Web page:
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"There are many ways to journey" says Rachel Dibble.

In September 2018, a much talked about, planned and thought through journey became #inreallife. As a result of how the trip was funded, I knew that I would write about the journey. So it was, from inception, ka mua, ka muri - looking behind to see forward, to move ahead, to remember what has been, to see what might become. As the planned journey with my tamariki became a reality, the shifting, the weaving of the past, present and future became almost tangible. The memories, more than the 20 gigabytes of photos attached, will be remembered as a once in a lifetime journey. 

Becoming an educator in a tertiary institution has been a journey that is so entwined with my #roadtripwiththekids, and specifically, to this part of the world, where I became several layers within myself. I am tangata whenua. Taranaki is the mountain where my ancestors’ bones are in the ground, of the ground. The story of Parihaka, specifically, The Art of Passive Resistance toured around the country. In 2003, I found myself so heart-wrenched from grief that while standing in the Dunedin Public Art Gallery, tears trickled freely down my face. I had nowhere to go, and no small children to navigate. As my heart and eyes moved around the exhibition, I found myself face-to-face with the ‘our-story’. The mamae brought me into the Polytechnic, to connect and reconnect. 

Deciding to learn te reo Māori, I met with Whaea Theresa Boyd Te Kawa, the Programme Leader of the Kaupapa Tangata Whenua Diploma in Te Ao Māori. On that initial enquiry (ending in enrollment) Whaea Theresa said something to me that day that has stayed with me. As I struggled for words to explain who I was, why I was there, and how I have questioned my authenticity as others have questioned, or been oblivious to my whakapapa, she held my hand and said “You say this to them… Ko wai koe he pātai taku whakapapa? … Ko wai koe he pätai taku whakapapa?” The lines from within became stronger over the years as those words have given me roots, like harakeke, to bury deep into the earth and stand strong against the elements of colonisation, one might say. 

The slam poem, ‘Lines from Within’, was born of this journey of entering into a tertiary institution. Working for Emeritus Professor Khyla Russell gave me another perspective of authenticity and the strength of mana whenua. Over the four years of working in the Kaitohutohu Office and birthing my two babies (not in the job description!), I found myself being of this place as tangata whenua, and yet not, but still connected. Taranaki maunga bringing me closer. The first class I taught as an educator was focused on trying to talk about Te Tiriti o Waitangi from a depersonalised perspective. This was frustrating to say the least, and difficult for me to do.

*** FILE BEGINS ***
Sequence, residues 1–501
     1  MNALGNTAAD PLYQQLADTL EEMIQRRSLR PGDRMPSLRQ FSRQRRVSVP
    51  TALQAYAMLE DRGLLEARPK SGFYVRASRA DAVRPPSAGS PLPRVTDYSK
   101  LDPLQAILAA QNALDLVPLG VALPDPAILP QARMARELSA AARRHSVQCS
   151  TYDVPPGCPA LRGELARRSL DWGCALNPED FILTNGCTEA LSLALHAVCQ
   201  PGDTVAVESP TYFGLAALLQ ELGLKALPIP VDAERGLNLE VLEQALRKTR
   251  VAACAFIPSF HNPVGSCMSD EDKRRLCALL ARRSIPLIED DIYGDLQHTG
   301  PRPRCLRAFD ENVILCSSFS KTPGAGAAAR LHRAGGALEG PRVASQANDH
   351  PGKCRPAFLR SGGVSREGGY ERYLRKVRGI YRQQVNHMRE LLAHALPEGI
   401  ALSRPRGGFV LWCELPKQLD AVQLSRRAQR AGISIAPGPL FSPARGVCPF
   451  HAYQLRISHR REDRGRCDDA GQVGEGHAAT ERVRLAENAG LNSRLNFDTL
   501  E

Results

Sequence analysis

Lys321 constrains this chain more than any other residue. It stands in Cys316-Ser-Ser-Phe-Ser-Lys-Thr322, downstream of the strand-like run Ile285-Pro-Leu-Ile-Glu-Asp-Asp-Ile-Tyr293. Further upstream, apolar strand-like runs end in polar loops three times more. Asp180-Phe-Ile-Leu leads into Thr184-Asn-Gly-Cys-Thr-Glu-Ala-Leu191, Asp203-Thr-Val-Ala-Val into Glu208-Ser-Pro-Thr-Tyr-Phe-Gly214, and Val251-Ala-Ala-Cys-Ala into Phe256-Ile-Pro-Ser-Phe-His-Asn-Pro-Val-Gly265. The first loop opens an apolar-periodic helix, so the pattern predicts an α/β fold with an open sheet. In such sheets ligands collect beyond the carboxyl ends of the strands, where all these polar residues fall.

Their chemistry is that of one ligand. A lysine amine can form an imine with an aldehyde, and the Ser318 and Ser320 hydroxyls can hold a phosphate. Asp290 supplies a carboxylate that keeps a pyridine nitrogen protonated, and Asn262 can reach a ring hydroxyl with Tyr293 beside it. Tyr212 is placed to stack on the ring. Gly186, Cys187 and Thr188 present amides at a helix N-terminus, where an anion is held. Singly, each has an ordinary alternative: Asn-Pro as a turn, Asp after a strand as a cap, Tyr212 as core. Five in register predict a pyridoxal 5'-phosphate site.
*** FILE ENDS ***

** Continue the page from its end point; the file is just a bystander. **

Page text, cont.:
The story I was most easily able to relate to the learners was that of my own whakapapa and that of the connection with Ōtepoti and Taranaki. The pātai I asked of myself was “kei hea tāku whakapapa” – where is my whakapapa? As my tamariki grew, with the names of their tūpuna waiting to be stories, their whenua was still in the freezer on a separate shelf. Tapu and noa in a contemporary setting. These whenua survived two burglaries of food and I knew that I had to journey with the whenua and take my tamariki to their mountain, so their pepeha would be realised for them, as not just words on a page, but the outline of a mountain, river and whare, from within.  

I have recently discovered the power in the spoken word, or slam poem, so decided to challenge myself and to compose a mash up of 20/20, twenty slides in twenty seconds, put to a spoken word poem. I stand in front of learners and I find myself talking about “how Māori…” and “how we [as Māori]…” I try not to trip over these words, these descriptions of myself as an inclusive other, and I watch the other tangata whenua in the room travel on their own journey as they also learn about ‘Self’, ‘Other’ and ‘Othering’. To write about this journey as research, to speak in my own voice, can be daunting. The subsequent vulnerability often leads me back to the room where whaea Kura gave me the words that gave strength to the words of my grandmother and mothers and aunts. 

I share this with the learners, and significantly, when my tamariki and I were standing in the urupā, with their namesakes’ headstones to the left and the right, the words “It’s where your bones lie that gives you your whakapapa” came to me. Koro Taranaki, visible the whole time, from Hāwera, to Parihaka, to New Plymouth and back. We are the maunga. That is our whakapapa. This poem happened as a result of a journey into an Art Gallery, and many awesome people have given me tautoko/ support for the journey. I would like to mihi to them all, especially my whānau, and also to my work colleagues. There is a special place for Aunty Maata and Uncle Cousin Te Ahu Rei, for opening their whare to my tamariki and I.

MĀORI & INDIGENEITY

January 2021